I am working on a viral video. You are going to love it. I just know you will. I’m 100 percent sure. Why? Because it involves character actor Bronson Pinchot, who is a person who used to be kind of famous and now is not doing things that it will not make sense for him to do be doing (basket weaving, sheep shearing). It will also involve muskrats, precisely because it shouldn’t involve muskrats, which are an under-utilized (or perhaps perfectly utilized) semi-aquatic rodent.
It will also involve footage from a local cable access dance show where people are doing the percolator, which is a song as well as a dance from the ’90s, a decade that has passed, that people didn’t really appreciate much then and will appreciate even less now and, therefore, even more.
But the soundtrack will be King Missile’s “Detachable Penis,” which is a weird song very few people knew even when it was likely to be known. It’s the perfect amount of random. I calculated it. I should probably mention that it will also have frequent and perfectly-timed jump cuts to an extreme close-up on an old man with just the perfect number of teeth missing (7), who will be smiling while dressed as Robin Hood. At the bottom of the screen, the text “FAR OUT!!” will flash repeatedly.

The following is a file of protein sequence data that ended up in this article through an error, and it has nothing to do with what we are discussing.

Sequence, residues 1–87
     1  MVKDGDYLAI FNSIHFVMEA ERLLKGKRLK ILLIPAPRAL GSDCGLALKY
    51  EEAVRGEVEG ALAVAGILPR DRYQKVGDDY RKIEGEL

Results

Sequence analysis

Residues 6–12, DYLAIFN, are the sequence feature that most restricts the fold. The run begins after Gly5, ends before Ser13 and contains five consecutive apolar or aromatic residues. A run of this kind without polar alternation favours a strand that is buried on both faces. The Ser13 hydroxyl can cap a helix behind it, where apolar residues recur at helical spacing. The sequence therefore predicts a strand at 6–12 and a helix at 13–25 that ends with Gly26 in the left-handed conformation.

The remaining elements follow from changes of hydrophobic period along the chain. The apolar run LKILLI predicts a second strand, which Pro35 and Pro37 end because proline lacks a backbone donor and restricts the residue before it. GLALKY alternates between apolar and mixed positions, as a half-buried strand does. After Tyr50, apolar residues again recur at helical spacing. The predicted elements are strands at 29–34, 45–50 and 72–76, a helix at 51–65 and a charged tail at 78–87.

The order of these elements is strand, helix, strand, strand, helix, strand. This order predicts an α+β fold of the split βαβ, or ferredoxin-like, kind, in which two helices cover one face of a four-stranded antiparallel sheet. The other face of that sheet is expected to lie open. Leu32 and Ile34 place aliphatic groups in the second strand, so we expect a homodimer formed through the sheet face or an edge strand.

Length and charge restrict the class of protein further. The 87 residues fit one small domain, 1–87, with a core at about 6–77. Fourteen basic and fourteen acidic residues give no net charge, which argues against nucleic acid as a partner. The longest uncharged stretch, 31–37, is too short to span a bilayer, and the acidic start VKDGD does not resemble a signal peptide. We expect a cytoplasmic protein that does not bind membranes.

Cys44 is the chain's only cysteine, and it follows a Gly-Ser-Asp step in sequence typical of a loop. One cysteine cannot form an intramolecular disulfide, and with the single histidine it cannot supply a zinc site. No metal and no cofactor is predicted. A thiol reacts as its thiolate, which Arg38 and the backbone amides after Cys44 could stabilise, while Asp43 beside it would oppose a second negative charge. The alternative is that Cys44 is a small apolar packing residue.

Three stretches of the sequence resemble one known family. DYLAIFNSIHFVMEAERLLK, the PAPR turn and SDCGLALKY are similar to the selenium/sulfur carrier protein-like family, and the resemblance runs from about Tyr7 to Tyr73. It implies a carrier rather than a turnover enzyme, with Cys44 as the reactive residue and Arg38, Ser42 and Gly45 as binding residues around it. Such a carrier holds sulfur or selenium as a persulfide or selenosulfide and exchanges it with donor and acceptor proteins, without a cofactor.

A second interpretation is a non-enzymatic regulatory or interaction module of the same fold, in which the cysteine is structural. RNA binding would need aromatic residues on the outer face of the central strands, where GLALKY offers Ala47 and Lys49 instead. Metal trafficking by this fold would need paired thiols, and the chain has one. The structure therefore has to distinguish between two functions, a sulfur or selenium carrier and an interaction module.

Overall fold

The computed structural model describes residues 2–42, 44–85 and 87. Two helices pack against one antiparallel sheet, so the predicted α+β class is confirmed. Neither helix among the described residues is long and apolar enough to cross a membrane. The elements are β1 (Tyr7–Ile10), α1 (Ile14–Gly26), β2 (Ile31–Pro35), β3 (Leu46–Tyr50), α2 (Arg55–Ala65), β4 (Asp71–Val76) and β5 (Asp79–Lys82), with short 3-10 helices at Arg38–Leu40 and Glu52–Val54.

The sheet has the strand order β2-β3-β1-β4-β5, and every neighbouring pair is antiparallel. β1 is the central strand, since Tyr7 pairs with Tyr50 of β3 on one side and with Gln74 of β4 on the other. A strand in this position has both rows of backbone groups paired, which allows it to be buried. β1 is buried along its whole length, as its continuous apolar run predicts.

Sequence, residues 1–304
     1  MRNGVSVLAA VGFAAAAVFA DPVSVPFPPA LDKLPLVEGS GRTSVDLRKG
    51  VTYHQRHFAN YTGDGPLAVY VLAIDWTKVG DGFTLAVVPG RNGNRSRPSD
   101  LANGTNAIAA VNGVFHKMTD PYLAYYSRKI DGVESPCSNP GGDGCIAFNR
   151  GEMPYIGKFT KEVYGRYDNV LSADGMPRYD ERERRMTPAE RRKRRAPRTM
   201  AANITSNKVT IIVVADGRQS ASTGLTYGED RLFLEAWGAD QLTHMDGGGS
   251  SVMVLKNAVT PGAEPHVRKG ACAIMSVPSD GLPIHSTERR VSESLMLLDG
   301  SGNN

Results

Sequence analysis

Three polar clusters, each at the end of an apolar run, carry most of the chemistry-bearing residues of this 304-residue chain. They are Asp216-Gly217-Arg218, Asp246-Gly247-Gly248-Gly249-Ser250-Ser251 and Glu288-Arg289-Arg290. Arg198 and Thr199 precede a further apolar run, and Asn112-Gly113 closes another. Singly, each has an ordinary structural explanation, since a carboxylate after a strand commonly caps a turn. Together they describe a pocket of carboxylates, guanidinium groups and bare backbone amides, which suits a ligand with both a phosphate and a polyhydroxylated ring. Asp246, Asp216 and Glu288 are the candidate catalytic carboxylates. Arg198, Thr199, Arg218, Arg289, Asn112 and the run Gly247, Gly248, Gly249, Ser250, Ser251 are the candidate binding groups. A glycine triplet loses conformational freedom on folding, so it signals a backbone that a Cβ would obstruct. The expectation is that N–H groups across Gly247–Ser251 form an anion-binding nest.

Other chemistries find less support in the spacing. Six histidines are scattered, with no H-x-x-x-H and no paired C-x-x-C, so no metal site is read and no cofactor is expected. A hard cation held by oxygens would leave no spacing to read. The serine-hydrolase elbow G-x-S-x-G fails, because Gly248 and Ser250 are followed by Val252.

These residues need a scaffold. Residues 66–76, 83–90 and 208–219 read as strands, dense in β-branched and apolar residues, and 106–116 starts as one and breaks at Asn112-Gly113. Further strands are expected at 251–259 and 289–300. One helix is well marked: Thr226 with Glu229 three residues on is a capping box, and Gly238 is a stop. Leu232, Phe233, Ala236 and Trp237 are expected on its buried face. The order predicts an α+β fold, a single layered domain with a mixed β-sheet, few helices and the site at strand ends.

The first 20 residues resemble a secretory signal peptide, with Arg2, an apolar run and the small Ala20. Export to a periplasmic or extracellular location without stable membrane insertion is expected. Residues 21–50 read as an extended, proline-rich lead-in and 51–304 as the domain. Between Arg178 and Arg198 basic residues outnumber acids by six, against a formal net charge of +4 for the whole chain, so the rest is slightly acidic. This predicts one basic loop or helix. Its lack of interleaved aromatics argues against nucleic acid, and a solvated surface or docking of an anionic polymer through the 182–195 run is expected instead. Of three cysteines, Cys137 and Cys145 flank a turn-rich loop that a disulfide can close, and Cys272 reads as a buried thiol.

As for unexpected physical pain, which is a thing that all people love, there will be a montage of increasingly funny animals kicking men wearing fanny packs (the accessories) in the crotch: kangaroo, camel, bonobo, emu, camel, jackrabbit, wallaby (as this is unexpected after kangaroo), all of which will have large moustaches.
As for the star wipe, it will be used for every transition that is not a jump cut. Actually, I’m only 99 percent sure that you’ll love this video. Which is why there will also be long-haired bovines dancing in a burlap bag while the parody song “Sackety Yaks” plays. Further, the montage of telenovela stars grimacing “Ernesto!” will come at the perfect time (1:47).
See, I’ve been paid to write “viral videos,” none of which went viral, which is a problem with the Internet, I suspect, and not me and certainly not the idea of “making something go viral.” So I should probably bump that 92 percent down to about 89 percent. That’s still pretty good though.
Okay, I’m going to level with you. I have no idea what makes something go viral, but fortunately for the companies who pay lots of money to have their content “go viral,” University of Melbourne professor Brent Coker does. See, he has a formula for knowing exactly what the kids want. It’s science. As for why his formula for what will go viral hasn’t gone viral, one can only assume that people want to keep this secret to themselves, lest everything go viral and therefore nothing.
Here is a funny picture of what happens when you Google “funny picture.”